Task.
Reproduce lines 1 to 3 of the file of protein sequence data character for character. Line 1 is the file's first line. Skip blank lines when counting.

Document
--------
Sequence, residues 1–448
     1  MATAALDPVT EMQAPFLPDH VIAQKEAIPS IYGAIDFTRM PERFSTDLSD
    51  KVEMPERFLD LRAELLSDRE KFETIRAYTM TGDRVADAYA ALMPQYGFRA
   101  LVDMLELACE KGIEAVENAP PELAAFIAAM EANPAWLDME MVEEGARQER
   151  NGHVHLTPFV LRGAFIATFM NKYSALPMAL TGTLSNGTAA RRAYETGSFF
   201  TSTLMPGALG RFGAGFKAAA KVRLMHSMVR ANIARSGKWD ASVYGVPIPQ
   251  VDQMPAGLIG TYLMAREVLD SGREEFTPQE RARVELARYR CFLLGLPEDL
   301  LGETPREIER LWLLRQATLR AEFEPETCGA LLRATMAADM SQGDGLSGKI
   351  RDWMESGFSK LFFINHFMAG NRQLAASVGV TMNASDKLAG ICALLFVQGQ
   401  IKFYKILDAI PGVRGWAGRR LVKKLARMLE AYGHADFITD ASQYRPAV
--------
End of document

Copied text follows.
Sequence, residues 1–448
     1  MATAALDPVT EMQAPFLPDH VIAQKEAIPS IYGAIDFTRM PERFSTDLSD
    51  KVEMPERFLD LRAELLSDRE KFETIRAYTM TGDRVADAYA ALMPQYGFRA